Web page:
Sondra Paulson—Getty Images
By Martha C. White
December 16, 2015

Stores typically relax their return policies during the holidays, by extending the period within which items can be returned, for instance. But the details vary by retailer — and some throw in annoying stipulations and restrictions.

Fortunately for shoppers (and gift recipients) this year, most stores are sticking with what they did last year, according to a new ConsumerWorld.org study. In its annual survey of the holiday return policies of major retailers, ConsumerWorld found that the most common tweaks to return policies are consumer-friendly ones.The extended window for holiday returns now stretches into late January at some stores, although Sears bucked the trend by switching its category-specific returns — which in the past gave customers up to 90 days to make a return — to a flat 30-day return period.

Stores have upped the ante on free shipping for returns as well. This year, about half the stores in the survey offer free shipping on returns, including Macy’s, Target, Saks, Gap, Bloomingdale’s and Old Navy, while Amazon and PayPal offer free return shipping in more limited cases.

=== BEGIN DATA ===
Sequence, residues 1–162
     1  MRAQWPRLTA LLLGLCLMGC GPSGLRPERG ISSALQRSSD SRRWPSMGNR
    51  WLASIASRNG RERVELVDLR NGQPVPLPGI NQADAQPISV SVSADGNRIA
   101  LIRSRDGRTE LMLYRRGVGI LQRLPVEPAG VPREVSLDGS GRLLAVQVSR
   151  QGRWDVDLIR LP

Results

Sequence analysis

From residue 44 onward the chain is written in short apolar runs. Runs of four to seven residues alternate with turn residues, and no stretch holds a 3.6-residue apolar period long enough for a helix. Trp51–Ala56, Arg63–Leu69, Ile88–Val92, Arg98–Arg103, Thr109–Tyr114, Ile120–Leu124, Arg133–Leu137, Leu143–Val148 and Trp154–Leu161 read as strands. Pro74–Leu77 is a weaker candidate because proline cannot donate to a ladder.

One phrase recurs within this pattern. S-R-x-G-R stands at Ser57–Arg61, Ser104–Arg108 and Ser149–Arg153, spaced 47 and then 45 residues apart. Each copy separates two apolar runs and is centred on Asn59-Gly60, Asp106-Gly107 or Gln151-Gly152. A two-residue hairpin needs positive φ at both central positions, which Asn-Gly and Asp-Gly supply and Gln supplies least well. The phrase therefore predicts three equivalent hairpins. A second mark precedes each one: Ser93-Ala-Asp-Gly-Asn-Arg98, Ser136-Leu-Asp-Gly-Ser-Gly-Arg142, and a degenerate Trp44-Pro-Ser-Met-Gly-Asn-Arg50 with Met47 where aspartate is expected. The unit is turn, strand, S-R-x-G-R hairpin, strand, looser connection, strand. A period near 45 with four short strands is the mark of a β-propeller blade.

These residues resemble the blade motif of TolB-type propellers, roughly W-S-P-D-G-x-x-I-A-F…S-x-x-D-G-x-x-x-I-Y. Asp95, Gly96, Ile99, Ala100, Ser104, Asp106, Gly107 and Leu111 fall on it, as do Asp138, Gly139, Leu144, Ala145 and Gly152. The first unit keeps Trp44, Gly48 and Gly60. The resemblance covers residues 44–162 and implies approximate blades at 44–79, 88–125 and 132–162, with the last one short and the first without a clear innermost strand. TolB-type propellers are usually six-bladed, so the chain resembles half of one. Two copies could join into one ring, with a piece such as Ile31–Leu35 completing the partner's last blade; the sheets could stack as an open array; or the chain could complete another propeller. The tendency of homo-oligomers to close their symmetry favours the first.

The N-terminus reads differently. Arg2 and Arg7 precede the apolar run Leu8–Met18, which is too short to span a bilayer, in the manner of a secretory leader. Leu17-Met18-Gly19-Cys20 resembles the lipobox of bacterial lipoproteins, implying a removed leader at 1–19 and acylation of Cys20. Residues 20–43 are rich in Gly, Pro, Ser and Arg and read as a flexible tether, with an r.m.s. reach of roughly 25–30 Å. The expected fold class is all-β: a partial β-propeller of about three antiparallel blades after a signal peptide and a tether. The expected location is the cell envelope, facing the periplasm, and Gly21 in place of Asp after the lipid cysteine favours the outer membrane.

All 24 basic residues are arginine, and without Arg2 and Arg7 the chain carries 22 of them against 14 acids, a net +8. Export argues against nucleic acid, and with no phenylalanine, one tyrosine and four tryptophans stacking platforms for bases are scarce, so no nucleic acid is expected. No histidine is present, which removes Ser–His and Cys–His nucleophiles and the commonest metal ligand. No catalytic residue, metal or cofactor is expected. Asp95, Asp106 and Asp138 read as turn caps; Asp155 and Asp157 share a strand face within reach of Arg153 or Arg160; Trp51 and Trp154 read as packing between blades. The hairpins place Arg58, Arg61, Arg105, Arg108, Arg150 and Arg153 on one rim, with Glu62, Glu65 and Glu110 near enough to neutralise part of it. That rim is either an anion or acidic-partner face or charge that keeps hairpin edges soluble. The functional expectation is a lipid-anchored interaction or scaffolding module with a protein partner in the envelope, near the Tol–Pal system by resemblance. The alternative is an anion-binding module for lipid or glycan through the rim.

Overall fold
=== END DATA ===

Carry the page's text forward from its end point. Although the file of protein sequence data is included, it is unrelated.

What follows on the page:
(For another take, here’s a listing of the 10 stores with the best holiday return policies — and the five with the worst.)

On the down side, ConsumerWorld reports that more stores are adding special rules for returning certain categories of products, like electronics. “Computers, game consoles, and opened goods may be subject to limited return rights, restocking fees, or shorter return periods,” the site warns.

ConsumerWorld flagged some of the more idiosyncratic policies, noting that some stores, such as Target and Best Buy, have more generous return policies for their loyalty club members, and clothing stores including Express and Bloomingdales require tags to still be on the garments to prevent “wardrobing” (the icky practice of wearing something, then returning it).

While most stores are pretty clear about their holiday return policies, ConsumerWorld pointed out that it can be a lengthy process; collectively, stores’ policies comprise some 26,000 words. And some are more transparent than others; the site highlighted Marshall’s and TJ Maxx for prominent in-store signs that spell out the details of their policies (shoppers have until January 23 to return purchases made between October 18 and Christmas Eve), and slammed Toys “R” Us for what it dubbed a “secret policy” that’s hard to track down. If you’re curious, regarding Toys “R” Us the site said, “Most items bought from September 1 onward can be returned until January 23, except November 1 onward for video game hardware, cameras, music players, etc. Netbooks, eReaders, etc. bought November 1 onward can be returned until January 9.”

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